Described by its director as a, “love story of the spirit”, this study of the training of kung fu at the Shaolin Temple and of monk San Te quickly became one of the best known and most highly-regarded of martial arts movies…
And there is a 36th chamber? Not until one young man enters the famous Shaolin Temple in pursuit of the knowledge of the kung fu masters with one intention…to take it outside of the Temple, to train laymen in their ways and to defeat the corrupt generals who are tearing his home village apart. The 36th chamber of Shaolin is all that exists outside of the Temple and San Te is determined that he will be the one to build it. But the Shaolin monks, who have kept their knowledge secret, are not so keen that he leave. A desire for vengeance, though, is a powerful emotion.
San Te (Gordon Liu) actually begins the film as Liu Yu-te, a young student of Teacher Ho (Wai Wang) who watches a powerful group of Manchu generals occupy the village where he grew up, his father owning a fish store. From their public torturing of rebels to their destruction of his school, General Tien Ta (Lo Lieh)and Tang San-yao (Wilson Tong Wai-shing) are hated but the villagers are powerless, particularly when the rebel General Yin (Lau Kar-wing) is captured and hung in the village square as an example to anyone who intends on following his lead. Declaring Yin a hero, Liu Yu-te joins his teacher in the rebellion but Tang San-yao acts quickly, killing Teacher Ho and all those sympathetic to his cause. With his father’s shop destroyed in the search for messages from the rebels, Liu Yu-te leaves the village in search of help but, finding one, travels to the famous Shaolin Temple to learn kung fu. But the journey to enlightenment is hard and despite his progression through the thirty-five chambers of Shaolin, there may be no way back for the young monk now known as San Te. And certainly no way home.
The apparent aim of director Lau Kar-leung in making The 36th Chamber of Shaolin was to create a martial arts drama that was realistic in the time and effort that is needed to learn an art such as kung fu. No Karate Kid-styled picking up of a martial art within a long summer here, Kar-leung aims for authenticity with a training regime within the Southern Shaolin Temple that lasts for seven years, beginning with learning to balance on a raft of sticks – as well as some humility – long before unarmed combat and the art of fighting with weaponry. Despite a running time of close to two hours, there isn’t enough time to reveal the inner workings of all thirty-five chambers and so Kar-leung chooses a handful – the aforementioned raft, the carrying of buckets of water up a hill, the striking of a bell and the following of a candle attached to a large metronome. As straightforward as these sound – and the Shaolin monks have a habit of making the tasks within their chambers very simple indeed – each one is made difficult by a testing of the novice’s skills in kung fu. So, the carrying of buckets of water, as easy as that may be, is made difficult, deadly even, by the Shaolin monk strapping knives about the novice’s arms, which will pierce their skin should the buckets not be held outright. Again, in a later chamber, Sun Te learns to watch an opponent by only using his eyes and not the movement of his head by having two large sticks of burning incense placed close by either ear. A moment of comedy is added later in the film as Sun Te and the other novices develop the strength of their skulls by butting heavy bags of sand. Cue a group of novices confused both by the methods in the task and by the blows sustained within it.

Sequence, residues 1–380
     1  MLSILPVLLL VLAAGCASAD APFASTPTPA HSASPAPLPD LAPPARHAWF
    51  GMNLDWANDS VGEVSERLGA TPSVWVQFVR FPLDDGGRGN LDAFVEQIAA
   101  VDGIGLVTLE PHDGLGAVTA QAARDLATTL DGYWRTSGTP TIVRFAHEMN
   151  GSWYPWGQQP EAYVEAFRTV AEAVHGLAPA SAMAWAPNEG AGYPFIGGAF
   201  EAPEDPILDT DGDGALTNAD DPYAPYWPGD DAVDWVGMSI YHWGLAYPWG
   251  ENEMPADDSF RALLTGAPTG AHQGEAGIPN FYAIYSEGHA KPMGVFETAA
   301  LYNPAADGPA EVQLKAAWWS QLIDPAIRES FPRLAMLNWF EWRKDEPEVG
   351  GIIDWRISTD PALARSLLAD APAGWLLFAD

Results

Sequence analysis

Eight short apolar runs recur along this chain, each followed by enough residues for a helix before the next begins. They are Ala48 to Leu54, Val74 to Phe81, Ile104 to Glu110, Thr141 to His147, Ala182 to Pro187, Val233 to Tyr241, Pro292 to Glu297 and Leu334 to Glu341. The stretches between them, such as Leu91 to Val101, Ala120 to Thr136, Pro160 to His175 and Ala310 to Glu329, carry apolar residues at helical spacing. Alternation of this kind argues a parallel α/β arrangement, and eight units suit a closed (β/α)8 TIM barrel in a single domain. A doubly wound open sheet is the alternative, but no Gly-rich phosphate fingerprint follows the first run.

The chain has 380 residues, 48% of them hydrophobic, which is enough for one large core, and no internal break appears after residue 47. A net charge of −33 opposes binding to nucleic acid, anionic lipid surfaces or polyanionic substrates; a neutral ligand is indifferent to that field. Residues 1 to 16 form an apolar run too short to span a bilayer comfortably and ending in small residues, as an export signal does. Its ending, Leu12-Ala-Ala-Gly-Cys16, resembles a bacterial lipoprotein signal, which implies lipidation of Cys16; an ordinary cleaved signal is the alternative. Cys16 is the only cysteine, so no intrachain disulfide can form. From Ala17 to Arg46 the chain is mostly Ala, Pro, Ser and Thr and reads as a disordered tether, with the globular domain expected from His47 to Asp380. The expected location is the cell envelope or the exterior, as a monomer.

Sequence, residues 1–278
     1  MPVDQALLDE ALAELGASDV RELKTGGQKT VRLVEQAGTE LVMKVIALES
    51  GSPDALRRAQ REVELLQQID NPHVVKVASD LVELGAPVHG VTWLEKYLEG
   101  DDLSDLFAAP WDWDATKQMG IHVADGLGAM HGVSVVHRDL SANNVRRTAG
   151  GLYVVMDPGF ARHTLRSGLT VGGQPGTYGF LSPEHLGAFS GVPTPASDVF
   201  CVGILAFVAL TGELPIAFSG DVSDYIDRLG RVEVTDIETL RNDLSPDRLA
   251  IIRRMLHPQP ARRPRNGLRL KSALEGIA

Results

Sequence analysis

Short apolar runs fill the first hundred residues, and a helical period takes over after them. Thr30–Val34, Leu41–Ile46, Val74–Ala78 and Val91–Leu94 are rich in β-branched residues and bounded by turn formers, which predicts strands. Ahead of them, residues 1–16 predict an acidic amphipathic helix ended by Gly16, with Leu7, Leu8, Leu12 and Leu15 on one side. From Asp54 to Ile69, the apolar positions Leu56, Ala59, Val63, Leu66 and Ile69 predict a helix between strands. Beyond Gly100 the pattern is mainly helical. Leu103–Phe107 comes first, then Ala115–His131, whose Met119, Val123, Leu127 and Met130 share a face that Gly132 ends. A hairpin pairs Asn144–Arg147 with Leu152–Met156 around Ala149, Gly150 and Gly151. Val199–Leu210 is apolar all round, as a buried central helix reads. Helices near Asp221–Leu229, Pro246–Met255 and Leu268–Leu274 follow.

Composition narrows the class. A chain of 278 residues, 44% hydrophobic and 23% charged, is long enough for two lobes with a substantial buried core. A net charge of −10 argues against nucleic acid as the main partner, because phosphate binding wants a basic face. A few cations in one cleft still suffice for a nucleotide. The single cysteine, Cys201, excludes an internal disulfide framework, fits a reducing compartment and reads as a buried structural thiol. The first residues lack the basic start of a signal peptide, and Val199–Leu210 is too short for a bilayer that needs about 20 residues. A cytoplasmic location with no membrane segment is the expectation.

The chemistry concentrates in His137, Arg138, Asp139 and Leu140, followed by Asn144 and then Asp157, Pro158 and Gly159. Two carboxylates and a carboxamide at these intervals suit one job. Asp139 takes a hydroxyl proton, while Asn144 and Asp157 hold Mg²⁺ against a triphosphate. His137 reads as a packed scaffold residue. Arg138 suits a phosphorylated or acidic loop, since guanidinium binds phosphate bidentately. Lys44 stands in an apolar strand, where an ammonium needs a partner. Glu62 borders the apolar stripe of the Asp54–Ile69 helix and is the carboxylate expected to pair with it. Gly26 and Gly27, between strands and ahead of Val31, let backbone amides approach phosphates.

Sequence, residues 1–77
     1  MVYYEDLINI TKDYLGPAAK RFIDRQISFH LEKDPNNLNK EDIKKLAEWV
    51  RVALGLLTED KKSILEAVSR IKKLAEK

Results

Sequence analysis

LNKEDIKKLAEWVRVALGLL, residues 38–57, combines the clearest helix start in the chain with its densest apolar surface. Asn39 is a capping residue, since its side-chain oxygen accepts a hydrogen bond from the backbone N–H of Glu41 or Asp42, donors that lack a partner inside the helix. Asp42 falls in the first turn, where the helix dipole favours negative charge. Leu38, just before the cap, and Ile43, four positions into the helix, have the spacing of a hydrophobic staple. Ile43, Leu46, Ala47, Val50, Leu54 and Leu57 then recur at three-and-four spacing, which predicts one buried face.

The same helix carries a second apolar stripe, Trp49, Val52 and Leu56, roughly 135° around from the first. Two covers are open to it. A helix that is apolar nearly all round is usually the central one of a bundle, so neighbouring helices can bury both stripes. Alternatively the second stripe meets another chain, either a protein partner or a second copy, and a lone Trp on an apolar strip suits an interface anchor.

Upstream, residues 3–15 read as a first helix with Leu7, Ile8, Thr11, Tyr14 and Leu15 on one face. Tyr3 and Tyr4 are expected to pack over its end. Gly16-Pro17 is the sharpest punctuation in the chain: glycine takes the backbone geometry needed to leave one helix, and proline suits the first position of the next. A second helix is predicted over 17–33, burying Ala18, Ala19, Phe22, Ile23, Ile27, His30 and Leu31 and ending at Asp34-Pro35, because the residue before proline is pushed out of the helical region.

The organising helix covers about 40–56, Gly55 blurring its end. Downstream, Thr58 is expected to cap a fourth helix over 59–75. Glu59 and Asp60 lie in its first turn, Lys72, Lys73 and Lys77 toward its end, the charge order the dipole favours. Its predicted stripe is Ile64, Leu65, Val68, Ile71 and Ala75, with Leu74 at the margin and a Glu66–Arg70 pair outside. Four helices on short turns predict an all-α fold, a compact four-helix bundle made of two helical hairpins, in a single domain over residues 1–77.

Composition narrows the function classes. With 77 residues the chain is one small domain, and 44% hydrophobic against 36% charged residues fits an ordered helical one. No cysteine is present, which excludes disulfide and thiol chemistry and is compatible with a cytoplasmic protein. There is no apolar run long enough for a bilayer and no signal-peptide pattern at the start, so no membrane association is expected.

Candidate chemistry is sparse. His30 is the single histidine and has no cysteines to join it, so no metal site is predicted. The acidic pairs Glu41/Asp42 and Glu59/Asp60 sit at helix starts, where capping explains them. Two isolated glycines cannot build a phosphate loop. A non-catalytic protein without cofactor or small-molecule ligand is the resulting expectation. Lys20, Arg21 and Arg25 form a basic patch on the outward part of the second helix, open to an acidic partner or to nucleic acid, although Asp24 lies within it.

If this makes The 36th Chamber of Shaolin sound dry, that’s really not the case. Yes, most of the film is concerned with the training of a novice monk but not only is it bookended with two scenes of high action – an early sword fight between Lau Kar-wing and Wilson Tong Wai-shing opens the film whilst the return of Gordon Liu to the village is accompanied by much bloodshed – but the scenes of training in the Shaolin Temple are well-staged, mixing action and humour with some sense of the order of the Shaolin Temple. Hence, any excitement is balanced with the need to place the training in a particular order. As much as we might want to get to the kung fu, The 36th Chamber of Shaolin is paced such that it only comes late in Sun Te’s training and where another film might end with his success in the thirty-five chambers and the Shaolin monks wishing him their very best as he leaves to restore order to his village, this one does not. The 36th Chamber of Shaolin prefers to stall Sun Te’s ascension to a seat of some importance in the Temple by a Justice Officer who asks that Sun Te beat him in a fight before he take it. Given how often The 36th Chamber of Shaolin has overturned convention up to that point, it comes as no surprise to learn that Sun Te does not succeed, at least not at his first attempt.